Criterion Picks On Fandor: Ten Films From Krzysztof Kieślowski!


Each week, the fine folks at Fandor add a number of films to their Criterion Picks area, which will then be available to subscribers for the following twelve days. This week, the Criterion Picks focus on ten films from Krzysztof Kieślowski.

One of Europe’s most prolific and influential directors, whose films wield significant artistic, emotional and political weight.

For those keeping score, Criterion has only officially released five films from Kieślowski so far on home video, but today’s additions to their Fandor picks (which will end up on Hulu soon) shows that we have a lot more to be excited about. Let’s hope the Decalogue is in the works as well!

Don’t have a Fandor subscription? They offer a free trial membership.


Blind Chance

Before he stunned the cinematic world with the epic series THE DECALOGUE and the THREE COLORS trilogy, the great Polish filmmaker Krzysztof Kieslowski made his first work of metaphysical genius, BLIND CHANCE, a compelling drama about the difficulty of reconciling political ideals with personal happiness.


Camera Buff

A reflexive meditation on art and documentary and a key film in Krzysztof Kieslowski’s career CAMERA BUFF follows a factory worker’s growing obsession with filmmaking after he captures the birth of his daughter on his new 8mm camera.

6536.D_1200_700The Double Life of Véronique

Krzysztof Kieślowski’s international breakthrough remains one of his most beloved films, a ravishing, mysterious rumination on identity, love and human intuition. Irène Jacob is incandescent as both Weronika, a Polish choir soprano, and her double, Véronique, a French music teacher.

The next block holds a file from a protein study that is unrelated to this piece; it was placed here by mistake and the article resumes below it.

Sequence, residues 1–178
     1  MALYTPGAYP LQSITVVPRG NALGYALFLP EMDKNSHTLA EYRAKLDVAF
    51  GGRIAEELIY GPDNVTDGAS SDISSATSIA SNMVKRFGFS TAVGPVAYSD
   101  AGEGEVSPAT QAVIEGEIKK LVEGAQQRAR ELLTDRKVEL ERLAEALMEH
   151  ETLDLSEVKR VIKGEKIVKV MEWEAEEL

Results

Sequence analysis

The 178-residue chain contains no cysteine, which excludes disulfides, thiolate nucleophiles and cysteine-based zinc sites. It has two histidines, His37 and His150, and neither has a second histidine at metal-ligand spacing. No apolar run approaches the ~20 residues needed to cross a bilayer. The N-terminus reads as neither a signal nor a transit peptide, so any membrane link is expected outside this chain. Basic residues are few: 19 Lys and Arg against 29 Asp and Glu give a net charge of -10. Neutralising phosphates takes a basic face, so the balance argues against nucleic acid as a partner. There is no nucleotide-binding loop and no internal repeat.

No End

In NO END legendary director Krzysztof Kieslowski melds the course of labor unrest in 1980s Poland with the intimate sometimes supernatural story of a translator mourning for her recently deceased husband.


The Scar

Krzysztof Kieslowski embarked on one of the major careers in world cinema with this feature debut. Building on the director’s documentary background THE SCAR is a richly observed story of community politics and ambition in a rural Polish factory.


A Short Film About Killing

A shocking powerful film expanded from episode V of Kieslowski’s legendary DECALOGUE. A SHORT FILM ABOUT KILLING considers societal violence in its many forms through the story of an idealistic young lawyer and the brutal murderer he is called to defend.


A Short Film About Love

An expanded version of episode VI in Kieslowski’s legendary DECALOGUE this film examines love longing and sex through the story of a young postal worker who spies on a promiscuous woman in an adjacent housing project.


Three Colors: Blue

In the devastating first film of the THREE COLORS trilogy, Juliette Binoche gives a tour de force performance as Julie, a woman reeling from the tragic death of her husband and young daughter.


Three Colors: Red

Krzysztof Kieślowski closes his THREE COLORS trilogy in grand fashion, with an incandescent meditation on fate and chance, starring Irène Jacob as a sweet-souled yet somber runway model in Geneva whose life dramatically intersects with that of a bitter retired judge, played by Jean‑Louis Trintignant.


Three Colors: White

The most playful and also the grittiest of Kieslowski’s THREE COLORS films follows the adventures of Karol Karol, a Polish immigrant living in France. The hapless hairdresser opts to leave Paris for his native Warsaw when his wife (Julie Delpy) sues him for divorce (her reason: their marriage was never consummated) and then frames him for arson after setting her own salon ablaze.